Can't get enough of views like this.

Can’t get enough of views like this.

I drove a bit more, looking for a trail where Katie and I could walk a little bit. There was one not too far away, with a place to pull over. I got her out of the car, she huffing at me because all this driving was no adventure in her eyes. We started down the trail and immediately came across this sign.

What do you mean I can't go down this trail?

What do you mean I can’t go down this trail?

Notice one of the “NOT ALLOWED” things are pets. Sigh. We got back in the car. Katie gave me the stink eye. So I figured we’d go into Gatlinburg after all and walk around there.

What a zoo. The town is blocks of restaurants and curio shops. You know what I mean. The kind of place you might want to walk if you weren’t a dog. She stood up in the front seat and watched it all go by, fairly interested and if there had been a free place to park I might have walked a block or so, but I didn’t want to pay for parking when we’d only be there for a few minutes. There’s no way she’d have that much fun on concrete.

See the little house down there?

See the little house down there?

So we headed back to the hotel. She says this was an epic fail adventure. But I liked the view from the top of the mountain. And I really liked not being in the hotel room for a few hours. She’s zonked out now, so there must have been a bit of adventure in there somewhere for her too.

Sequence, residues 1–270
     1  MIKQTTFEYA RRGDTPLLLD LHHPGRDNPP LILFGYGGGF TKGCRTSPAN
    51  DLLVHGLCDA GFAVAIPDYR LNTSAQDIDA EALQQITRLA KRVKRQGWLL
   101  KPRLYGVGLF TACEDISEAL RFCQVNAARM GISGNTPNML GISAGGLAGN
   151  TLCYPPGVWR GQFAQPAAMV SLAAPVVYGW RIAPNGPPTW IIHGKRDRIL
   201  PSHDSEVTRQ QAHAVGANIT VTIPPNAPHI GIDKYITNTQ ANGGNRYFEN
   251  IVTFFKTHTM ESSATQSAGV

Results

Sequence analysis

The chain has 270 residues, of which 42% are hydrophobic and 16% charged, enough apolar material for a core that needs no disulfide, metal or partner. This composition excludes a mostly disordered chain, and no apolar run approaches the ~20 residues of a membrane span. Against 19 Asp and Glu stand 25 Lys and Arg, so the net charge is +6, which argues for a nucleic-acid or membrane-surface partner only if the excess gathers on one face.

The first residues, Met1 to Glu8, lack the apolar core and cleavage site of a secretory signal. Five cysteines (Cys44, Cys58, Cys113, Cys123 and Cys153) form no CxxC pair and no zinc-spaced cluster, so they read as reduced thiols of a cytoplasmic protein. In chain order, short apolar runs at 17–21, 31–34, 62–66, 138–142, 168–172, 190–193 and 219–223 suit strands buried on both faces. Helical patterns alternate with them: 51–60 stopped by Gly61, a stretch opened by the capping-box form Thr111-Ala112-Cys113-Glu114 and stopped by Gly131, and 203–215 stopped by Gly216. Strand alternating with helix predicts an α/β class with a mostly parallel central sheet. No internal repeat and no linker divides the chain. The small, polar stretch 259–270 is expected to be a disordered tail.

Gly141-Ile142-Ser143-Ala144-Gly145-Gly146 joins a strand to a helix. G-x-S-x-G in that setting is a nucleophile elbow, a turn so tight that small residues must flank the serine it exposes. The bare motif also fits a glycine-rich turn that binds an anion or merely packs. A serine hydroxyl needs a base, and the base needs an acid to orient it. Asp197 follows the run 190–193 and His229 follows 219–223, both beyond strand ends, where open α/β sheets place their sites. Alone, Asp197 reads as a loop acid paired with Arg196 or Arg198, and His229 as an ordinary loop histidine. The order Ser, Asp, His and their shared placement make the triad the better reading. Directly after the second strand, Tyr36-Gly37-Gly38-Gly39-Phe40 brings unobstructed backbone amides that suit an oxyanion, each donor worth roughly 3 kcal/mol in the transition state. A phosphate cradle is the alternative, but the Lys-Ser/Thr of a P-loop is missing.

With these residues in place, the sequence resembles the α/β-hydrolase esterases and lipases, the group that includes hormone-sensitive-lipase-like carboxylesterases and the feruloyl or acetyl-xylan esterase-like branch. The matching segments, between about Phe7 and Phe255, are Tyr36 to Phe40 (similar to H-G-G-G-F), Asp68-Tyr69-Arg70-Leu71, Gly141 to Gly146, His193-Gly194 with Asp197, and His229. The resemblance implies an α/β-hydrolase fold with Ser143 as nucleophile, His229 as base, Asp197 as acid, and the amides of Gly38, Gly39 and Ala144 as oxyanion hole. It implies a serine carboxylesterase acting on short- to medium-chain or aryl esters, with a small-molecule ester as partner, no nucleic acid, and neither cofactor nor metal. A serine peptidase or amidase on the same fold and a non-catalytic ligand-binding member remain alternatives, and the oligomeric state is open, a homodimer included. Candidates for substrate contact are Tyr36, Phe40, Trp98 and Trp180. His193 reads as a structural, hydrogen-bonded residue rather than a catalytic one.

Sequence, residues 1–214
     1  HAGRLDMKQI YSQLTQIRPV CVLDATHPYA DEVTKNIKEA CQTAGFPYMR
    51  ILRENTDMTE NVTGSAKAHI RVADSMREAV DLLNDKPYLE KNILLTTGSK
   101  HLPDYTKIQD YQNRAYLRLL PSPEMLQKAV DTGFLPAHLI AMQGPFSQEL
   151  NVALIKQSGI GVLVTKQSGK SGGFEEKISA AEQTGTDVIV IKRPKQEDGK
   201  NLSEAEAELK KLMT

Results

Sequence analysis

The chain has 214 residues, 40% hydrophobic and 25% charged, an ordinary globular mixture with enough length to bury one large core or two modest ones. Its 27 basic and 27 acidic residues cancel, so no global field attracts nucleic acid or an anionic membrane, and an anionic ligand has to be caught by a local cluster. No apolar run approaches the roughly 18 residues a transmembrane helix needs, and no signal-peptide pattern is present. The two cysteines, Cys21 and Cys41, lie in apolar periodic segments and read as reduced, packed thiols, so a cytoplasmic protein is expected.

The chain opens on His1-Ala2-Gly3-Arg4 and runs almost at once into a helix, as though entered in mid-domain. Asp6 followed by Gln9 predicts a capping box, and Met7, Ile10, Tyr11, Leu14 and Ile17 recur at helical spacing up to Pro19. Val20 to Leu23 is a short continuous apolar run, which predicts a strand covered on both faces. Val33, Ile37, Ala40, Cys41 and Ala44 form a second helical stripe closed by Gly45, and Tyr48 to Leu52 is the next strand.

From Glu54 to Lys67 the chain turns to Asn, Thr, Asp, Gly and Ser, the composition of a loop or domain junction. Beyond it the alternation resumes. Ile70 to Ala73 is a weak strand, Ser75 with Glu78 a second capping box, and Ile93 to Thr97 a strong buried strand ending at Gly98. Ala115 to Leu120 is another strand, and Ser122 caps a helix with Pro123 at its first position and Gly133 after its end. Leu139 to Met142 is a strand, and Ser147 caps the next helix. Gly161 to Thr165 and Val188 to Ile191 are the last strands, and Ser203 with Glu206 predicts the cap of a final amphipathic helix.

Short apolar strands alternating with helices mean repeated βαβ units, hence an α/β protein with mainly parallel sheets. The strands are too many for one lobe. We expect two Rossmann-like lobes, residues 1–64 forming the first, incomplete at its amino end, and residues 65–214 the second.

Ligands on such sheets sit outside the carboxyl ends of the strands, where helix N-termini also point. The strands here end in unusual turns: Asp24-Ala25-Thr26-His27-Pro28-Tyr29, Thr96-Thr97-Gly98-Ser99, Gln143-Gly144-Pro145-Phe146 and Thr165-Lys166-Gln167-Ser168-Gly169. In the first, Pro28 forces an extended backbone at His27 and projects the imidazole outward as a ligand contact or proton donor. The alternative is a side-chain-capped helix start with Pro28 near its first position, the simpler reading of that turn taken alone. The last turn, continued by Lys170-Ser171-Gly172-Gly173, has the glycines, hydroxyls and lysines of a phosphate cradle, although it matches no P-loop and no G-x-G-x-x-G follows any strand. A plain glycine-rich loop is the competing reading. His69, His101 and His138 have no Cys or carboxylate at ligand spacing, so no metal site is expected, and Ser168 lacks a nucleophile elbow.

Hey mama!  They made the bed while we were gone!

Hey mama! They made the bed while we were gone!

I hope our next post is all about us back on the road. I’m ready to move on. Katie is too.

Mama!  Did the fire burn down the rest of this fence?

Mama! Did the fire burn down the rest of this fence?

Author: dawnkinster

I'm a long time banker having worked in banks since the age of 17. I took a break when I turned 50 and went back to school. I graduated right when the economy took a turn for the worst and after a year of library work found myself unemployed. I was lucky that my previous bank employer wanted me back. So here I am again, a long time banker. Change is hard.